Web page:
Health Highlights: March 18, 2021
Xavier Becerra Confirmed as HHS Secretary
Xavier Becerra was confirmed as secretary of health and human services by the U.S. Senate on Thursday.
The vote was 50 to 49, and Senator Susan Collins of Maine was the only Republican to support his confirmation, The New York Times reported.
Becerra is a son of Mexican immigrants who became a member of Congress and California's attorney general.
He'll become the first Latino to oversee the HHS, and takes charge as the Biden administration leads the nation out of the coronavirus pandemic, which has already caused more than half a million deaths and has hit people of color particularly hard, the Times reported.
AstraZeneca Vaccine Safe and Effective, European Medicines Agency Says
The AstraZeneca COVID-19 vaccine is safe and effective, the European Union's drug regulator said Thursday.
Officials hope the announcement from the European Medicines Agency will ease concerns about possible rare side effects involving blood clots that have prompted more than a dozen countries -- mostly in Europe -- to temporarily suspend use of the vaccine, The New York Times reported.
No causative link between the vaccine and blood clots or severe bleeding has been shown, and most of the countries that halted use of the vaccine said they would start using it again once the agency gave the green light.
However, the pause in the use of the AstraZeneca vaccine could have significant consequences in Europe, where many countries have rising rates of infections. While the vaccine accounts for less than 20% of the hundreds of millions of doses ordered by the European Union, it was a vital part of early vaccination rollout plans, the Times reported.
The vaccine, sold without the goal of earning a profit, is a keystone of the World Health Organization's efforts to protect poor and middle-income countries.
"In extensive vaccination campaigns, it is routine for countries to signal potential adverse events following immunization," the WHO said Wednesday. "This does not necessarily mean that the events are linked to vaccination itself, but it is good practice to investigate them. It also shows that the surveillance system works and that effective controls are in place."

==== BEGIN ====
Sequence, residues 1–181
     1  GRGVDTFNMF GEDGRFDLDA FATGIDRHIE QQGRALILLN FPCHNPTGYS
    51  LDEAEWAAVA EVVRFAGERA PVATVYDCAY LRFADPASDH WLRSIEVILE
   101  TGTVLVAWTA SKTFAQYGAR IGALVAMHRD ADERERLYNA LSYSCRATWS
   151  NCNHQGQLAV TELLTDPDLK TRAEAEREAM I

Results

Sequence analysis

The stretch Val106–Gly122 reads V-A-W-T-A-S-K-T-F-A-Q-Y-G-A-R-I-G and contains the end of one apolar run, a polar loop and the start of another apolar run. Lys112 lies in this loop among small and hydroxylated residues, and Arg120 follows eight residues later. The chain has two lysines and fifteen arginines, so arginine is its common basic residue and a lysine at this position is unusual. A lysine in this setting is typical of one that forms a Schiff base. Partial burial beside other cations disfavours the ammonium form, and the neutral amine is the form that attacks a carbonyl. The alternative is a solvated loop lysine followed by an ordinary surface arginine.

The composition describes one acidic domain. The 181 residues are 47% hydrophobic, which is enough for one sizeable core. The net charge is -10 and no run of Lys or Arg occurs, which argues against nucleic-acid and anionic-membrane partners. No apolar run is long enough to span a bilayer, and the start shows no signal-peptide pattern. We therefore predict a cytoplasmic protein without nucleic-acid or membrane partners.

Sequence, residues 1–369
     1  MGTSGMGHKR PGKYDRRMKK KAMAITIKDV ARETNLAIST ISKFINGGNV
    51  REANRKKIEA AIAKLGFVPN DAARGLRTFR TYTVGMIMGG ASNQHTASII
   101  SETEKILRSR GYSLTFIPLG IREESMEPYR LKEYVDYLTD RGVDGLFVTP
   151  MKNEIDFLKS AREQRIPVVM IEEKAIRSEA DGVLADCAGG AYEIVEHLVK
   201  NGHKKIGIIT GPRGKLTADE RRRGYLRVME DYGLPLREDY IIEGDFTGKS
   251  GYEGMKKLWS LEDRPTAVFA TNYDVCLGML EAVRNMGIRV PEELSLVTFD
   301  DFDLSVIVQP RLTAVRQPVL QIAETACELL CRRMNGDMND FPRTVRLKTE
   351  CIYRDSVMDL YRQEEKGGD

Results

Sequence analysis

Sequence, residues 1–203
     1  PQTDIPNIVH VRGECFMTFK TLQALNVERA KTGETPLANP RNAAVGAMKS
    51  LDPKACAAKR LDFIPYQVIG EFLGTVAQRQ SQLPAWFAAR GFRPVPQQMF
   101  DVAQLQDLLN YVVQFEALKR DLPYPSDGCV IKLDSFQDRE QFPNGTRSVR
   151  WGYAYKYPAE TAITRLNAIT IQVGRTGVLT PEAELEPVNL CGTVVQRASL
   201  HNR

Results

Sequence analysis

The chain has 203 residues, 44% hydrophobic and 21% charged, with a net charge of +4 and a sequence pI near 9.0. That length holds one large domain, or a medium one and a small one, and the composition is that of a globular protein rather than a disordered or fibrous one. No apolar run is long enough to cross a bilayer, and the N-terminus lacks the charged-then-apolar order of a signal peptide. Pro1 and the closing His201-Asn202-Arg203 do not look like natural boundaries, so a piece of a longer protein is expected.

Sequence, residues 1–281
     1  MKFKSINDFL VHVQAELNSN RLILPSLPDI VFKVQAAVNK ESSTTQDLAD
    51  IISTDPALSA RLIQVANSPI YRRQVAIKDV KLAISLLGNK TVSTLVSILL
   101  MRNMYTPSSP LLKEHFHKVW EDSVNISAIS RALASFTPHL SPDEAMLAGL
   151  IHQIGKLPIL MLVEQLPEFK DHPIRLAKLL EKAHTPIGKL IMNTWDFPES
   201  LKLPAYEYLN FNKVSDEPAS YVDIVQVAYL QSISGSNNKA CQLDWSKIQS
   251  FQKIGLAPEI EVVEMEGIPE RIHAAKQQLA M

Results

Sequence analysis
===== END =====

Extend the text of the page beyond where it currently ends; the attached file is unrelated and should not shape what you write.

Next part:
Florida Baby First in U.S. Born With COVID-19 Antibodies
A Florida baby is believed to be the first in the United States to be born with COVID-19 antibodies after its mother was vaccinated, doctors report.
The mother, a frontline health care worker in South Florida, received her first shot of the Moderna COVID-19 vaccine when she was 36 weeks pregnant and gave birth three weeks later to a healthy baby girl, CBS News reported.
Doctors analyzed blood taken from the baby's umbilical cord immediately after birth and before placenta delivery and found that the infant had COVID-19 antibodies.
"We have demonstrated that SARS-CoV-2 IgG antibodies are detectable in a newborn's cord blood sample after only a single dose of the Moderna COVID-19 vaccine," Dr. Paul Giblert and Dr. Chad Rudnick wrote in a preprint study that hasn't been peer-reviewed. "Thus, there is potential for protection and infection risk reduction from SARS-CoV-2 with maternal vaccination."
The doctors noted that further research is needed to confirm the safety and efficacy of COVID-19 vaccines during pregnancy, CBS News reported.
One expert said the finding is promising.
"It really starts aligning the COVID vaccine with those vaccines that we already use in pregnant women like the flu vaccine," Dr. Neeta Ogden, an internal medicine specialist and immunologist, told CBS News on Wednesday. "We really need, and it is clear that we need, significant data on how safe it is in pregnant women."
These early results may help give pregnant women more reason to get the vaccine, she added.
"This also is hopeful because it offers a level of protection to one of the most vulnerable populations, the newborn," Ogden said.
School Distancing Guidance May be Changed
Guidance encouraging U.S. schools to keep students and staff six feet apart is being revisited, the director of the U.S. Centers for Disease Control and Prevention said Wednesday.
Dr. Rochelle Walensky said there's now new evidence that three feet of distance may be adequate, the Washington Post reported.
"As soon as our guidance came out, it became very clear that six feet was among the things that was keeping schools closed," Walensky told the House Energy and Commerce Committee. "And in that context, science evolves."
Last month, the CDC issued guidelines for reopening schools, saying in-person schooling can be safe with measures including mandatory masks and distancing.
But when six feet of distance between people is required, it is difficult to reopen with all students present at the same time. Ironically, the CDC was encouraging schools to remain partially shut at the same time Biden was encouraging them to fully open, the Post reported.
The CDC guidance offered flexibility when infection rates in the community are low, saying six feet of distance should be maintained "to the greatest extent possible." But some school officials say they are not sure what that means.
The recommendation pushed some districts to pull back on plans to fully reopen, and some experts criticized the rules as being too strict, the Post said.
But President Biden has made reopening schools a top priority, saying he wants most K-8 schools open five days a week by the end of April, the Post reported.
On Wednesday, the Education Department said it also would distribute $122 billion to public K-12 schools by the end of April to help them reopen. The Department of Health and Human Services said $10 billion would be distributed for school-based COVID-19 testing by early April.